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A modern and simplified approach for CONTENT BASED IMAGE RETRIEVAL - Nitesh Jain & Ojaswi Gupta

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A modern and simplified approach for CONTENT
BASED IMAGE RETRIEVAL
Nitesh Jain
Ojaswi Gupta
Bachelor of Technology
Department of Electronics and Communication
Bhagwan Parshuram Institute of Technology
New Delhi, India
[email protected]
Bachelor of Technology
Department of Electronics and Communication
Bhagwan Parshuram Institute of Technology
New Delhi, India
[email protected]
Abstract – This paper presents a simple approach for
CONTENT BASED IMAGE RETRIEVAL. It means that, the
retrieval of image takes place by the content of images
themselves. With the increasing amount of data, Content Based
Image Retrieval has become quite important these days. CBIR is
primarily a part of image processing. It has its application in
different domains like weather forecasting, medical images,
surveillance, remote sensing, criminal record images, etc. To
retrieve the images, the HSV Histogram, Color Moments (CM),
Autocorrelogram Parameters are calculated and then these
values are compared to the values known to the user. These
similarities are compared by Euclidean distance, Manhattan
Distance, Chebyshev Distance and Relative Deviation.
Index Terms – Content Based Image Retrieval (CBIR), Color
Moments (CM), Euclidean Distance, Manhattan Distance, Hue
Saturation Value (HSV).
queries of large image databases based on visual image
content properties such as Example images, or Userconstructed sketches and drawings.
Several online content-based web search engines can also be
mentioned. “WebSEEk” developed by Image and Advanced
Television Lab, Columbia University. It allows making
queries by example and by desired color composition.
Global Memory Net (GMNet) was launched for public access
in late June 2006. It is a digital library of cultural, historical,
and heritage image collections. Different CBIR systems use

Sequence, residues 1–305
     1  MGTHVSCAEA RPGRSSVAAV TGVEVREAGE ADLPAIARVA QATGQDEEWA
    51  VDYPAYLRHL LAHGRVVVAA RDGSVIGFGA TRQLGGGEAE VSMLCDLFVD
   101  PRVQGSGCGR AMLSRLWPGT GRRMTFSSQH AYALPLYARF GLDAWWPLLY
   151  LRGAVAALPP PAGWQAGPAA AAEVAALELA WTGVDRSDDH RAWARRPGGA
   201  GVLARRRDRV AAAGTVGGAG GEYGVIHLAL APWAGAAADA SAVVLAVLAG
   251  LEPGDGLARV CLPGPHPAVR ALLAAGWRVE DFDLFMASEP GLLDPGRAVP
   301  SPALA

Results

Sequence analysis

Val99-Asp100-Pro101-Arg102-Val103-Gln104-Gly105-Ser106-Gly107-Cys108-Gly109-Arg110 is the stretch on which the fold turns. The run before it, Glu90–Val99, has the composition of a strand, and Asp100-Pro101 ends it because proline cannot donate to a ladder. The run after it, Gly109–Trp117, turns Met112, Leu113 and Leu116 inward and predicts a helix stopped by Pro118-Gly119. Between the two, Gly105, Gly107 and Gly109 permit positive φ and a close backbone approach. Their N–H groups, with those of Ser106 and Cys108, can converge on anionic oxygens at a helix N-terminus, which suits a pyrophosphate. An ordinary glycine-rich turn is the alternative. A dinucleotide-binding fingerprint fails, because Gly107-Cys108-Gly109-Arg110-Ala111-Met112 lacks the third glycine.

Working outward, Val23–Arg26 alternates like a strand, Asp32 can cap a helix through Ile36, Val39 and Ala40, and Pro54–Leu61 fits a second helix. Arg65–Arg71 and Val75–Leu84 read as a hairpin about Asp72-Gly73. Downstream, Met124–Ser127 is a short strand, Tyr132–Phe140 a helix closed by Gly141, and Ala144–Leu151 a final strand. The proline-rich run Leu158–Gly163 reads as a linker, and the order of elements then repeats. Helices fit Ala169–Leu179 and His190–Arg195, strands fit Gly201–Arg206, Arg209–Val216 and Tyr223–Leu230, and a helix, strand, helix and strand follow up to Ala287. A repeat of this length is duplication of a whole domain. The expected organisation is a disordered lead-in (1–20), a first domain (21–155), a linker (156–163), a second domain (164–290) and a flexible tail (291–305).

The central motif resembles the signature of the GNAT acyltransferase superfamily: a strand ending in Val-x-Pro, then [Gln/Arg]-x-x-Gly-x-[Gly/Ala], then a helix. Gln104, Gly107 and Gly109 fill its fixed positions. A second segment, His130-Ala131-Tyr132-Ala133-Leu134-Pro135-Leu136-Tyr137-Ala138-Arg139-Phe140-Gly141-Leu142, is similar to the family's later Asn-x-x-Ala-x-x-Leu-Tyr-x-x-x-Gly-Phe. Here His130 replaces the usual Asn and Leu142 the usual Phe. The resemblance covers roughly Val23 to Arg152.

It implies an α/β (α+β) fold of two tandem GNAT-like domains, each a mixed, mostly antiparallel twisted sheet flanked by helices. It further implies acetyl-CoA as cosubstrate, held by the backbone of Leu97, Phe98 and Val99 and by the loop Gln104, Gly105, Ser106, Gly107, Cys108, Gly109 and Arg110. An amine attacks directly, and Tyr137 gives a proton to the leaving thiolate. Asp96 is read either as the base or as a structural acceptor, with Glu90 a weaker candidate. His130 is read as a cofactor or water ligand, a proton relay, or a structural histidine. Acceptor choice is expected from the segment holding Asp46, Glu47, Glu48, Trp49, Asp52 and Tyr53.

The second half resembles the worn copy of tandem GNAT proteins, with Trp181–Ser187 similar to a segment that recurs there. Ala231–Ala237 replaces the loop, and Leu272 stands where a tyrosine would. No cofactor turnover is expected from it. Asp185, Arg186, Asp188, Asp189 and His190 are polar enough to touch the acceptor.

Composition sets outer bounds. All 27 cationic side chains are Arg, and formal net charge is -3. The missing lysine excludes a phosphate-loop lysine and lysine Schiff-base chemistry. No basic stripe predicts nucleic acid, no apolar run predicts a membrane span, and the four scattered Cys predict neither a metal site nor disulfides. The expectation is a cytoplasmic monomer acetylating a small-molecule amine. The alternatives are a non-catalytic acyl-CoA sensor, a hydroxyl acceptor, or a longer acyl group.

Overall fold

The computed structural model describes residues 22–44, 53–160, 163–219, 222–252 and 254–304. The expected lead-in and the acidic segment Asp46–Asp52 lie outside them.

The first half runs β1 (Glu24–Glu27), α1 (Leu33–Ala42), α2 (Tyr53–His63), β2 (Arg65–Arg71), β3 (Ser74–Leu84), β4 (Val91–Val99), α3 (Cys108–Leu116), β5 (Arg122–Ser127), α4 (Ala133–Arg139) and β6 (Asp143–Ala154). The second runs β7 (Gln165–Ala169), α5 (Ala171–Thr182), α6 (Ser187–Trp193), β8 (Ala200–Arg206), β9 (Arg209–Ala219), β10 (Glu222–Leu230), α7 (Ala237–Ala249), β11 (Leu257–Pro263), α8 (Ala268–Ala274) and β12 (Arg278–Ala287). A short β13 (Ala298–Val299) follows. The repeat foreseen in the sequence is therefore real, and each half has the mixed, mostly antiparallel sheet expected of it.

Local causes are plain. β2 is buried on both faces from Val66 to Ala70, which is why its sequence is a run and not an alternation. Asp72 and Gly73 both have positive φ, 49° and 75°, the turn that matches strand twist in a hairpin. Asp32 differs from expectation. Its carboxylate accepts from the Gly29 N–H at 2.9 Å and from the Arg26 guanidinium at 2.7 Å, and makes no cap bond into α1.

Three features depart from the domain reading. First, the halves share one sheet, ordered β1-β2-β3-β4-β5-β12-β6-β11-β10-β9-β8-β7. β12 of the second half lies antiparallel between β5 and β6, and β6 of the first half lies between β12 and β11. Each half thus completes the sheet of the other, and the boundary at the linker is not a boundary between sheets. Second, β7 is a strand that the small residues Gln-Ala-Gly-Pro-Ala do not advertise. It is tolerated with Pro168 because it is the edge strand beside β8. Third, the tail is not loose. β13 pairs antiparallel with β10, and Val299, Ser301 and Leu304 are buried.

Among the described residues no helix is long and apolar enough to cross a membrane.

different types of user queries. Typically tools for the contentbased image retrieval consist of query statement and a result
presentation; this query can be done by providing an example
image a sketch, or by choosing desired colors for the image.
Results are presented by the top several similar images based
on the similarity measure.
I. INTRODUCTION
Content-based Image Retrieval (CBIR) is a method used
for retrieving the similar images to a given query image from a
database. It has many applications in the field of medical :
used to diagnose the disease by comparing the various
diagnostic information present initially , weather forecasting :
to calculate whether information by comparing past history ,
survelinace : to know the thief is same or different , Crime
prevention – it helps police in suspicious people’s
identification from large image databases and Military : for
detecting enemy soldiers.
.
Fig. 1 Basic CBIR Working
II. LITERATURE SURVEY
Many CBIR systems and tools have been developed to make
queries based on visual content. IBM developed Query By
Image Content (QBIC) system, which lets user to make
III. BASIC CONTENT AND PROPOSED WORK
Typical CBIR system has two main functionalities. This is
Data insertion and query processing.Data insertion procedures
are performed independent of user interaction. They are
applied to all the data. The purpose of this process is to extract
visual features from the images in the database. These features
are obviously smaller than the actual image and they are then
stored for easy comparison reasons, as a characterizers of each
image.
Query processing starts with user specific request. Request can
be done in several ways: By an example image, by giving
desired pattern or object, colour distribution and etc. Query
processing module obtains the visual features from the given
request, metric is defined.
Features extraction itself involves, selecting the features that
have to be extracted, it depends on the type of user query. The
feature extracting algorithm is chosen to create the feature
vector from the selected features.
A. Colour Comparison Technique
Image content comparison by colour is based on matching
images by their colour distribution. In this case image feature
identifies the proportion of pixels of specific colour or colours
within an image. So one can make colour searches by
indicating desired concentration of colours or by an example
image with desired colour distribution and get similar images.
Colour histograms are widely used to extract the colour
distribution descriptors from the image. It is a statistic of the
colour of pixels in the image. First colour distribution is
represented by appropriate colour histogram, and then colour
vector is formed from that histogram.
by a new metric in which the distance between two points is